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The Discovery of Slowness [Paperback]

Sten Nadolny
5.0 out of 5 stars  See all reviews (3 customer reviews)

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John Franklin was ten years old, and he was still so slow that he couldn't catch a ball. Read the first page
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By A Customer
Format:Paperback
I like taking this book out for a long night stroll. Maybe it's lightly raining, of course it's dark with only street lights to light up the words on the page. It moves me through and through Lord! Child! it shorely am good it good it good! it so damn good!
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5.0 out of 5 stars do yourself the favour and read this book . . . Jan. 20 1998
By A Customer
Format:Paperback
this book is unusually thruthful and gripped me from the beginning to the very end - maybe because of the fact that I have something in common with Franklin. So convincinglty written , I'd like to have met the protagonist !
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5.0 out of 5 stars German classic best-seller in English at last! July 26 1997
By A Customer
Format:Paperback
The publication (or to be more accurate, re-publication) in English of Sten Nadolny's The Discovery of Slowness is a major literary event, not only for connoisseurs of fine historical fiction, but also for those of us who concern themselves with leadership, communication and systems-thinking issues.

First published in Germany in 1983, this powerful novel of the life of explorer John Franklin has never been out-of-print in that country since. This is certainly due in part to its stature as a cleanly-written, keenly-observed literary impression of a chaotic age not dissimilar to our own, and of a man whose slower rhythm seems out of joint with that age. What has contributed to the book's longevity in the meantime, however, is the cult-status it enjoys among managers and leaders as a portrayal of a type of leadership that all eras cry out for: the ability to perceive the world not merely at the level of isolated events, but at a level of deep structure where the dynamics of the whole system are revealed, and plans can be made based on better data and profounder understanding.

John Franklin is uniquely suited to play this role: "slow" from birth, he experiences the world as an endless cycle of data-gathering, reflection, and action based on the systemic patterns that reveal themselves to his silent contemplation. The fact that that action can not only be more appropriate than what other, "faster" contemporaries would have initiated, but also swifter in execution and more permanent in its effect, only insinuates itself slowly on a society caught up in the frenetic pace of the early 1800's. One simply does not have the time; doing takes precedence over reflection and doing.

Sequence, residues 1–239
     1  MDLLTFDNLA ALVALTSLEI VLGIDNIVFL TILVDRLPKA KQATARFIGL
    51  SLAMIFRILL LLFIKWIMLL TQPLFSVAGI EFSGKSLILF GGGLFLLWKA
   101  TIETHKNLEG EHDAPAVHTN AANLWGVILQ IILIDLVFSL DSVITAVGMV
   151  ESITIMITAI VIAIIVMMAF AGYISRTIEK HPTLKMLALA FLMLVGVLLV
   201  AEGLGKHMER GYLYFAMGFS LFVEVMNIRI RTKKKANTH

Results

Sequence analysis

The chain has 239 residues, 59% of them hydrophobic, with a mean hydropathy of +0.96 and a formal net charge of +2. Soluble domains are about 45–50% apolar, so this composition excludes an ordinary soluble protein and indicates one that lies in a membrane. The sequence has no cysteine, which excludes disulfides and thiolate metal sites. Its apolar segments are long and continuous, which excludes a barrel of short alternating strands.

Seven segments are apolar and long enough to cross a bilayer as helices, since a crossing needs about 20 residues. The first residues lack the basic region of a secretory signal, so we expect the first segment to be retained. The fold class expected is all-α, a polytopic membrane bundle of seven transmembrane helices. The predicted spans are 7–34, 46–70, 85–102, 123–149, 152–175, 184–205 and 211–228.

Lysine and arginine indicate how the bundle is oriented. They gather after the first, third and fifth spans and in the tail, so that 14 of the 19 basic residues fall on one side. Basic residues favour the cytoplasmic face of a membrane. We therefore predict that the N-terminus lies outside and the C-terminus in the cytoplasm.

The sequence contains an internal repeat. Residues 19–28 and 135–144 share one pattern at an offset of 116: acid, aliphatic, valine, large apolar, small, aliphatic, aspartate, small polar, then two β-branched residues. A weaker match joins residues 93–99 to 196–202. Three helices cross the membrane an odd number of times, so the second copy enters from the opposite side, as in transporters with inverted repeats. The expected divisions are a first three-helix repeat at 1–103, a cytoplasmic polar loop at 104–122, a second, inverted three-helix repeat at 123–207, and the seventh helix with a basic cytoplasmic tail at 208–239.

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Amazon.com: 5.0 out of 5 stars  6 reviews
41 of 43 people found the following review helpful
5.0 out of 5 stars German classic best-seller in English at last! July 26 1997
By A Customer - Published on Amazon.com
Format:Paperback
The publication (or to be more accurate, re-publication) in English of Sten Nadolny's The Discovery of Slowness is a major literary event, not only for connoisseurs of fine historical fiction, but also for those of us who concern themselves with leadership, communication and systems-thinking issues.

First published in Germany in 1983, this powerful novel of the life of explorer John Franklin has never been out-of-print in that country since. This is certainly due in part to its stature as a cleanly-written, keenly-observed literary impression of a chaotic age not dissimilar to our own, and of a man whose slower rhythm seems out of joint with that age. What has contributed to the book's longevity in the meantime, however, is the cult-status it enjoys among managers and leaders as a portrayal of a type of leadership that all eras cry out for: the ability to perceive the world not merely at the level of isolated events, but at a level of deep structure where the dynamics of the whole system are revealed, and plans can be made based on better data and profounder understanding.

John Franklin is uniquely suited to play this role: "slow" from birth, he experiences the world as an endless cycle of data-gathering, reflection, and action based on the systemic patterns that reveal themselves to his silent contemplation. The fact that that action can not only be more appropriate than what other, "faster" contemporaries would have initiated, but also swifter in execution and more permanent in its effect, only insinuates itself slowly on a society caught up in the frenetic pace of the early 1800's. One simply does not have the time; doing takes precedence over reflection and doing.